Carbohydrates are the main nutrient humans need to produce energy. Ever wondered why runners feast on pasta before a big race? It's because pasta is a perfect source of fast acting carbs which quickly transforms into sugar and gives the best energy benefits before a demanding race.
Carbs are broken down into glucose when they are being digested. The insulin helps process the glucose and send it off as energy. There are two main types of carbs. Starchy carbs and sugars:
Starchy carbs; includes foods such as pasta, bread, potatoes, noodles, rice and cereals
Sugars; includes foods such as table sugars (caster, granulate, etc.), fruit sugars (known as fructose), and some dairy foods (lactose), and nutritive sweeteners such as sorbitol and maltitol.
How to manage your diabetes diet
A regular intake of carbohydrates is important because it fuels not only our bodies, but also our brains. Furthermore, choosing the high fibre carbohydrates plays a significant role in keeping our gut healthy and last but not least, some carbs simply keep us full longer.
Everyone is different and depending on age, weight and activity level, the amount of carbs needed varies, but a rule of thumb is that the intake of carbs should make up roughly half of your total food and drink intake over the course of a week. These carbs should come mainly from the starchy type in order to maintain a healthy living. A small amount can come from sugars.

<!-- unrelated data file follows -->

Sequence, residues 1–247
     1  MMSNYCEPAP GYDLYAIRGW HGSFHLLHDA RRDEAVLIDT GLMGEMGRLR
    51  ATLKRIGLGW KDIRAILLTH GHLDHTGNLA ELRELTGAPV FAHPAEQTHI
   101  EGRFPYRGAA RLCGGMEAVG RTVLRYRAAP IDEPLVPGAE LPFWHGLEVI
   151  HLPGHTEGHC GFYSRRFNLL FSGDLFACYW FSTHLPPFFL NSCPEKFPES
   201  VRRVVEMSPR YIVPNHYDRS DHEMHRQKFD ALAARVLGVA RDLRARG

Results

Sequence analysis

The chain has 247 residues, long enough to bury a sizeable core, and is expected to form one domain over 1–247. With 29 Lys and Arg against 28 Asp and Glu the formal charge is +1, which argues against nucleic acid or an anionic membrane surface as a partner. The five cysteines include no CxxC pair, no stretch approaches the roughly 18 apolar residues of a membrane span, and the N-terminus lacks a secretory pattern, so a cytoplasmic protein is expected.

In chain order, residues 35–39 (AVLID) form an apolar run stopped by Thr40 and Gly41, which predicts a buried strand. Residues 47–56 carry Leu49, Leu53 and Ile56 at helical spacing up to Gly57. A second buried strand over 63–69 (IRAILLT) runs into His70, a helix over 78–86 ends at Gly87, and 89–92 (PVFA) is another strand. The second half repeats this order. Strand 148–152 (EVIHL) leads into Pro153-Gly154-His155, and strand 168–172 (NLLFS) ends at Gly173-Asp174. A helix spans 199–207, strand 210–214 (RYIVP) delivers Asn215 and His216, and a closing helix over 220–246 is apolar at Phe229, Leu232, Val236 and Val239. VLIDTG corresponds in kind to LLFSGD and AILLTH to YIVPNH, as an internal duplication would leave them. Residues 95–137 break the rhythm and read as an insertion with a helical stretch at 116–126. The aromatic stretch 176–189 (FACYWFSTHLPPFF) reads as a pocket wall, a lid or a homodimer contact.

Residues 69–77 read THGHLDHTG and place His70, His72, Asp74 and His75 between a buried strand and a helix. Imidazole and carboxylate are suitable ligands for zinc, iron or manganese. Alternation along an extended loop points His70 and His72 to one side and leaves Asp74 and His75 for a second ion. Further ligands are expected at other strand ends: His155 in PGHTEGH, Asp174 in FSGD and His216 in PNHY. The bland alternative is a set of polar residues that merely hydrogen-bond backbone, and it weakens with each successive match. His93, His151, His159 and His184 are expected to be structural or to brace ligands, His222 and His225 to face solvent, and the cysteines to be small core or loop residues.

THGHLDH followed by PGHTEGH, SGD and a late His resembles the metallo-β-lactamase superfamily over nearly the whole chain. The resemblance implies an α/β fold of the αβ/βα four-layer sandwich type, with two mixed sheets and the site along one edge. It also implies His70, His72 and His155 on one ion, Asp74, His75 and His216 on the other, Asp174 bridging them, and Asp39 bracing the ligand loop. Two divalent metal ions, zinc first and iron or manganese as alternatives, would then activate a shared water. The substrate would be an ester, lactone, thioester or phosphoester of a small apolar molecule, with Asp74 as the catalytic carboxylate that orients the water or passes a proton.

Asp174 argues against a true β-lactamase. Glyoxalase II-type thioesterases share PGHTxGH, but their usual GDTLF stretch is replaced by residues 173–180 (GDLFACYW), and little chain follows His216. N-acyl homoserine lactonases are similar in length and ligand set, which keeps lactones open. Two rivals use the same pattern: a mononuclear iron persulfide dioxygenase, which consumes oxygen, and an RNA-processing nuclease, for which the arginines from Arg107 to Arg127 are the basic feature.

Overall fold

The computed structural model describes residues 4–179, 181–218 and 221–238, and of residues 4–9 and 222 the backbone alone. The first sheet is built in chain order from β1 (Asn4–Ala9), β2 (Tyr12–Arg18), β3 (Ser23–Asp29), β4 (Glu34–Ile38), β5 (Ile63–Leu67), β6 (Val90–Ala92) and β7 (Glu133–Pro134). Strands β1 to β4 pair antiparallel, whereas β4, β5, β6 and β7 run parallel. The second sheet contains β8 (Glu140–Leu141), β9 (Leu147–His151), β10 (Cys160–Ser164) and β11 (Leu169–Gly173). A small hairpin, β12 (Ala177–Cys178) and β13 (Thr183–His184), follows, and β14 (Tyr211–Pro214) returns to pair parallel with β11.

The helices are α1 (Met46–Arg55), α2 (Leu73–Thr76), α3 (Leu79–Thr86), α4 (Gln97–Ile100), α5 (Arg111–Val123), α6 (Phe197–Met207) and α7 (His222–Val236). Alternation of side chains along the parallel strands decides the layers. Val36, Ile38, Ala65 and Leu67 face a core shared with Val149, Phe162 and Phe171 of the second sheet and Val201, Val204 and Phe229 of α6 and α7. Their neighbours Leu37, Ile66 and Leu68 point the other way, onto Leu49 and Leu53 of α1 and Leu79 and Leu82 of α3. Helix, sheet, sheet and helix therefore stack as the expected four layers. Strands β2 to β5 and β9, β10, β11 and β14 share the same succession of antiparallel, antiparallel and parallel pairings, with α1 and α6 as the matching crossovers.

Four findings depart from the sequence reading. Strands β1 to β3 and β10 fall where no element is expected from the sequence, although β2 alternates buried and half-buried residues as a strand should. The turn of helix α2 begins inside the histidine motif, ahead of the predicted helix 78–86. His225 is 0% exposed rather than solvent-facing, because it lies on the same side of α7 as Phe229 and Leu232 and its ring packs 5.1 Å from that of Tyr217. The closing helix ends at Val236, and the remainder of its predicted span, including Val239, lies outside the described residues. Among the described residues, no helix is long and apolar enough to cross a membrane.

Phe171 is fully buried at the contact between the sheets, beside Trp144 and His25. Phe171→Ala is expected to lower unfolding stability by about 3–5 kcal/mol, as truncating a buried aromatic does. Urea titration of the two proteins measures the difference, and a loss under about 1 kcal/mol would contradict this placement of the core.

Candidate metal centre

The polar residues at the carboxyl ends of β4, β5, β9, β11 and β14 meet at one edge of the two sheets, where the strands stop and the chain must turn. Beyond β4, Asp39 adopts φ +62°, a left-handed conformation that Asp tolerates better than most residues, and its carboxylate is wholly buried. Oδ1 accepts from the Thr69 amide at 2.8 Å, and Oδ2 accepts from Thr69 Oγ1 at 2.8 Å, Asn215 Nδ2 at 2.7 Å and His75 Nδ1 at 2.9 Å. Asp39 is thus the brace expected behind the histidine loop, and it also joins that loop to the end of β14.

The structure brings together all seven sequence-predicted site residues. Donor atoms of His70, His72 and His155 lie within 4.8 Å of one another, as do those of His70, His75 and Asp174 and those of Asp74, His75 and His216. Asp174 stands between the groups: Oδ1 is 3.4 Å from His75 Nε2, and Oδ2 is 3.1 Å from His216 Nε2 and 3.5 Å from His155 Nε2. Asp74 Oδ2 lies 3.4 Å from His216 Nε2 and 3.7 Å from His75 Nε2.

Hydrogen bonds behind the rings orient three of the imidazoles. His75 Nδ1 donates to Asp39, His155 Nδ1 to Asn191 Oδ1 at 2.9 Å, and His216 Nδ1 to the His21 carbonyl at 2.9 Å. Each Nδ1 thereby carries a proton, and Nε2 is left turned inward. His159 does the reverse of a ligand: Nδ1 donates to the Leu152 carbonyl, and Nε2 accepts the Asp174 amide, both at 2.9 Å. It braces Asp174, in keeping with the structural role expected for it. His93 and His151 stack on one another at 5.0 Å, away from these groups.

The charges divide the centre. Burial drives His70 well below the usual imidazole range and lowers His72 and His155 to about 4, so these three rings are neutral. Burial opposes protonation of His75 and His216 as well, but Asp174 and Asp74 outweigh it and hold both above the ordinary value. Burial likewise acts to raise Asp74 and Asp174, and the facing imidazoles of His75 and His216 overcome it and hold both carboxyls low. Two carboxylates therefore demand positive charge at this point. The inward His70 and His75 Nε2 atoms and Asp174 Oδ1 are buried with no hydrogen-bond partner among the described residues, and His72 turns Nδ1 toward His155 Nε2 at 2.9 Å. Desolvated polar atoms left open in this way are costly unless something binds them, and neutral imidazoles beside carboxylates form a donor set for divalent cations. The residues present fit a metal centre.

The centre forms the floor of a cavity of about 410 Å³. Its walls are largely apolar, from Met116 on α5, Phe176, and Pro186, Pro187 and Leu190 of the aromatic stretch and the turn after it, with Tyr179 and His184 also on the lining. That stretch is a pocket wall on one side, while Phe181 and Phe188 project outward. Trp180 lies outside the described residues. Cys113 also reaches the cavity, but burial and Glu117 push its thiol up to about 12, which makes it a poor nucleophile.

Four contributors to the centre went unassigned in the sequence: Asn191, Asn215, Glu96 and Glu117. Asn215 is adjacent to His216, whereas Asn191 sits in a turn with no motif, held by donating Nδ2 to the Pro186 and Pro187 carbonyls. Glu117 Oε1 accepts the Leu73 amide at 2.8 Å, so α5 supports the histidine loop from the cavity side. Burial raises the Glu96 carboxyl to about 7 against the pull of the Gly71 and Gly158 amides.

The diet of a type 1 diabetes patient is not much different than a regular healthy diet. The main difference is to be aware of how much a certain food affects your blood sugar and dosing the insulin accordingly. Carbohydrate counting is a popular, though time consuming way of managing the diet.
For type 2 diabetics, the diet might be more strict than a regular healthy diet. This is because type 2 diabetes is often put in connection with obesity and weight loss will be necessary if this is the case.
In general it is recommended to eat as little processed food as possible and increase the intake of freshly prepared meals. Each meal should include a starchy carb and vegetables.
Source: Diabetes UK
Last updated: 14/02/2018